Before the JOBS Act, filing an S-1 was much more public. Competitors knew a company was planning to go public, and any revisions by the SEC caused costly delays that could cause a company to miss its “window” to go public.

    GoDaddy was just one company that suffered through this process. In 2006, it tried to go public but later pulled its offering. Former CEO Bob Parsons, who was replaced as CEO in 2012, said at the time that he yanked the offering because he found the quiet period that came along with it “suffocating” as it prevented him for doing radio, TV, or his-then weekly Internet radio show. (The company was also losing money, according to its S-1.)

    Today, the JOBS Act gives companies much more flexibility in timing their offering, and leaking their supposed IPO plans has become a big part of the process.

    For now, the situation seems to be a win-win for everyone involved. Companies can test the public waters while simultaneously chumming for strategic acquirers, while reporters can feast on “scoops” that are hard to disprove.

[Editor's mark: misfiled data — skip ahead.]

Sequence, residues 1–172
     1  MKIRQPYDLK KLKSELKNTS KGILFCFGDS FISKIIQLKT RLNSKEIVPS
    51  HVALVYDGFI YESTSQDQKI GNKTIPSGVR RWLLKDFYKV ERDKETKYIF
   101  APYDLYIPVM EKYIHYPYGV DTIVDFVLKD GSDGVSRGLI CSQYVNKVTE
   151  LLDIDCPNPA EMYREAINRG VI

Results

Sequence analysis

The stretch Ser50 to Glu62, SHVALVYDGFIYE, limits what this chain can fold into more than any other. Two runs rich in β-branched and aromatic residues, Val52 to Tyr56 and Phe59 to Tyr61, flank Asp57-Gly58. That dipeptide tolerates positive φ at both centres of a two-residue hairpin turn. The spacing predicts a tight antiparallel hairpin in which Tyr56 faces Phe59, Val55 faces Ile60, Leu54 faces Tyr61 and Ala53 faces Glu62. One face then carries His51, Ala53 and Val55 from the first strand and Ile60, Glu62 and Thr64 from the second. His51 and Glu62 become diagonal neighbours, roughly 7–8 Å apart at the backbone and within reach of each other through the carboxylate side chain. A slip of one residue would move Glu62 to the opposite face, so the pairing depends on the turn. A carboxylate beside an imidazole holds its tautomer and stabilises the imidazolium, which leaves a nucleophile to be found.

If there’s any downside, it’s that not going public after all can be, well, awkward, says Jay Ritter, a professor at the University of Florida who studies the I.P.O. market. “One of the reasons companies like confidential filings is that if they start the process, then pull back because the market isn’t as receptive to their business model as they thought, it can be embarrassing for a company, just as it might be embarrassing for someone who broadcasts that they’ve applied for a new job and gets turned down. People like to wait until the good outcome is about to occur before they announce things.”